Protection of Rohingya refugees and new multilateral developments on Asylum

On December 17, 2018, the Global Compact on Refugees (GCR) was approved after a process of two years of consultations with different stakeholders (states, NGOs, individuals) coordinated by the UNHCR. As this organisation recalls, the GCR is a non-binding framework that does not substitute for the 1951 Refugee Convention and its protocol but builds on them to foster responsibility-sharing and international cooperation. Some Rohingya host countries like Bangladesh, India, and Saudi Arabia provided written contributions to draft this document. Although the GCR is not mandatory and does not mention specifically the situation of Rohingyas, it is an important protection tool for refugees in general with a clear mechanism of regular revisions that considers the situation of stateless people and discusses possibilities of international and regional cooperation to address forced displacement and durable solutions. 

Besides that, the GCR created the framework for the organisation of the Global Refugee Forum in 2019 when states, organisations, universities and individuals presented voluntary pledges and contributions regarding forced displacement worldwide. The pledges directed to the Rohingya situation involve: guaranteeing protection, safe childhoods and child-sensitive services with no discrimination (education, child protection, healthcare, and mental health and psychosocial support) for Rohingya children and host communities’ children; empowering refugee children through sports in Cox’s Bazar, Bangladesh; providing funding to UNHCR to respond to the Rohingya crisis; creating a working group on education involving actors in Cox’s Bazar, Bangladesh and Rakhine, Myanmar; expanding livelihood opportunities and empowerment for Rohingyas and host communities; improving the environment for Rohingyas including psychological support; granting funding to playful learning for refugee children; providing support to survivors of sexual violence; implementing a joint approach with the World Bank and the Government of Bangladesh to support refugees and host communities medical, nutritional and educational needs; advocating child-rights based solutions and the inclusion of refugees in national educational systems.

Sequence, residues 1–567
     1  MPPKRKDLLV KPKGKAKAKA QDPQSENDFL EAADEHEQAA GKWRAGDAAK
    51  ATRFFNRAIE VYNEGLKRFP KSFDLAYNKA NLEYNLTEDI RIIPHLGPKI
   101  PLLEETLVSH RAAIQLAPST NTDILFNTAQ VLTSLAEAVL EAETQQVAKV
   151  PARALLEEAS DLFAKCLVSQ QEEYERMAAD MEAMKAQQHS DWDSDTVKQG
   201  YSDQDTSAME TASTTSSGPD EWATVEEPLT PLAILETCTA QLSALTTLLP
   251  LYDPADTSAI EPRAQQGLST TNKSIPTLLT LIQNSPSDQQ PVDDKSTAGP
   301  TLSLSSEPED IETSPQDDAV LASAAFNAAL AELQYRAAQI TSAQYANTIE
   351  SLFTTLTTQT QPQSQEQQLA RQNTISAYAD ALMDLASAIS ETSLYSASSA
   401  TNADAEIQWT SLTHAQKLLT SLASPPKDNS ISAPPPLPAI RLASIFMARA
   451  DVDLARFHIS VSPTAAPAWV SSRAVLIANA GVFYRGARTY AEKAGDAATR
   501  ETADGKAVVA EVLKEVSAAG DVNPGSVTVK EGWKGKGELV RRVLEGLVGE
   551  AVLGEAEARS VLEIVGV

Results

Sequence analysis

Bangladesh presented one pledge to design innovative refugee solutions. India presented two pledges: committing to build capacities of states – including beyond neighbourhood (e.g., Africa) and reaffirming its commitment to building solutions together. Malaysia also submitted one pledge to promote the objectives of the GCR and the 2030 Agenda. Saudi Arabia pledged $1 million to implement the GCR on Yemen. Moreover, other States in the world did not present any specific pledges about Rohingya refugees to fulfil the GCR’ objectives of “easing the pressures on host countries” and “expanding access to third-country solutions”.